Consumers with credit card debt, adjustable-rate mortgages and home equity lines of credit will be most affected by a Fed rate hike.
With the Fed announcing another rate hike Wednesday, borrowing costs will head even higher for consumers. The good news is some bank customers will start to see noticeably higher savings rates.
Americans with credit cards, adjustable-rate mortgages and home equity lines of credit will see their monthly payments rise now that the Federal Reserve has lifted its key short-term interest rate by a quarter percentage point to a range of 1.75 percent to 2 percent.
All are revolving loans with variable rates that are directly affected by the Fed’s move.
Car buyers may feel it, too, though they’re still benefiting from a competitive auto loan market that’s keeping borrowing costs low. Any effect on 30-year mortgages and other long-term loans would likely be muted.
“While rising interest costs constrain borrowers … savers are finally getting their day in the sun,” says Greg McBride, chief economist of Bankrate.com.
The rate hike Wednesday becomes the second this year and the seventh since the Fed began bumping them up in late 2015. Two more hikes are now expected in 2018.
Here’s how the moves could affect consumers:
Credit cards, HELOCS, adjustable-rate mortgages
These loans will become more expensive within weeks since their rates are generally tied to the prime rate, which in turn is affected by the Fed’s benchmark rate.
Average credit-card rates are 17 percent, according to Bankrate.com. For a $10,000 credit-card balance, a quarter-point hike is likely to add $25 a month in interest, according to Steve Rick, chief economist of CUNA Mutual Group.
Four rate increases this year could mean an additional $100 in monthly interest. LendingClub advises people to consolidate their credit-card debt with a personal loan.
Rates for home equity lines of credit are much lower at 5.92 percent. A quarter-point increase on a $30,000 credit line raises the minimum monthly payment by just $6 a month.
By contrast, rates on adjustable-rate mortgages are modified annually. So the impact may be delayed, but then it could bite. Four quarter-point hikes in 2018 likely would boost the monthly payment on a $200,000 mortgage by $84 to $112.
The Fed’s key short-term rate affects 30-year mortgages and other long-term rates only indirectly. Those rates correlate more closely with inflation expectations and the long-term economic outlook.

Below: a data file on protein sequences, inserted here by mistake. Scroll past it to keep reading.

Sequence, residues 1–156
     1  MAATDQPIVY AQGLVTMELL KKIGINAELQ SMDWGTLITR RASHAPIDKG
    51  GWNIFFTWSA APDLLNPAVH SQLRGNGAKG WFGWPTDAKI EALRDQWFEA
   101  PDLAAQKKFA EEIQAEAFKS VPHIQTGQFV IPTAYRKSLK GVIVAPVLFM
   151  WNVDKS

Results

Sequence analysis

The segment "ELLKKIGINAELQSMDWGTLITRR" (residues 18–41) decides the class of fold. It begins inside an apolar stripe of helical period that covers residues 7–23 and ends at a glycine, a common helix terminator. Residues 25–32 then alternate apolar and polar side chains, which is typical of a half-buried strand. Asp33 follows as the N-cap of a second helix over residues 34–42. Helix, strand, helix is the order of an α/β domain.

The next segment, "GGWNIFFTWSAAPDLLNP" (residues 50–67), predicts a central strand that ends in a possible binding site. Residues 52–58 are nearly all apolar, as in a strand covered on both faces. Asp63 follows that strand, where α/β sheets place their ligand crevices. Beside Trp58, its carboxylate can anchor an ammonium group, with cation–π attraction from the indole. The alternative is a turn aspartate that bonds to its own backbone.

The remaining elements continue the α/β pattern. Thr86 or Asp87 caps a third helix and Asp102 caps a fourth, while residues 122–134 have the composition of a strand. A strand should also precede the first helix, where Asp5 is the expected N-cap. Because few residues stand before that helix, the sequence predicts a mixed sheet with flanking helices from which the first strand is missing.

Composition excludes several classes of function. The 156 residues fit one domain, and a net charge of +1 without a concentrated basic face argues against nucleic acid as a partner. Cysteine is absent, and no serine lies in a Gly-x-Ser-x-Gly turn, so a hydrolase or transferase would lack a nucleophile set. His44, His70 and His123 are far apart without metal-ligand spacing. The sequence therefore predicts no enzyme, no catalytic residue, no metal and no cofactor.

The average 30-year fixed mortgage rate already has climbed from 4.15 percent to 4.54 percent since Jan. 1 largely because investors expect federal tax cuts and spending increases to push inflation higher. But the rate is down from a recent high of 4.66 percent in late May. The likely rate hike on Wednesday is already figured into mortgage rates.
For home buyers, any impact on the monthly bill would probably be relatively small. By year’s end, a quarter-point rate increase on a $200,000 mortgage would boost the monthly payment by about $30.
Existing fixed-rate mortgages are not affected.
Other Fed moves could also play a role. In September, the Fed announced that it’s gradually shrinking the bond portfolio it amassed during and after the financial crisis in a bid to lower long-term rates. That likely has a greater effect on fixed mortgage rates, according to Tendayi Kapfidze, chief economist of LendingTree.
A quarter-point rate hike theoretically would get passed on to new auto loans, increasing the monthly payment for a new $25,000 car by $3. Existing loans would be unchanged. But competition among lenders is holding down auto loan rates, McBride says. That could mean an even smaller monthly increase. Five-year auto loan rates are currently at 4.71 percent.
Bank savings rates
Since banks will be able to charge a bit more for loans, they’ll have a little more leeway to pay higher interest rates on the deposits customers make.
Don’t expect a fast or equivalent rise in your savings accounts or CD rates, many of which pay interest of 1% or less. Those rates have barely budged the past year despite the Fed’s hikes.
Low rates on loans have meant narrow profit margins for banks for years. They can now benefit from a bigger margin between what they pay customers in interest and what they earn from loans, McBride says. And since they’re still flush with deposits, they don’t need to attract more to make loans.
Yet a handful of online and community banks, credit unions and money market mutual funds that are hungrier for deposits are paying as much as 2.5 percent on a one-year CD, up from 2.15 percent in March. Fed rate hikes this year should help boost the top rate to 2.8 percent to 3.1 percent by December, McBride says.
And top savings and money-market rates are nearing 2 percent. That’s about the rate of annual inflation. “Being able to earn more than inflation is something savers haven’t seen in a decade,” McBride says.
USA TODAY’s Adam Shell tells us what to expect following the increase in interest rates on March 21.
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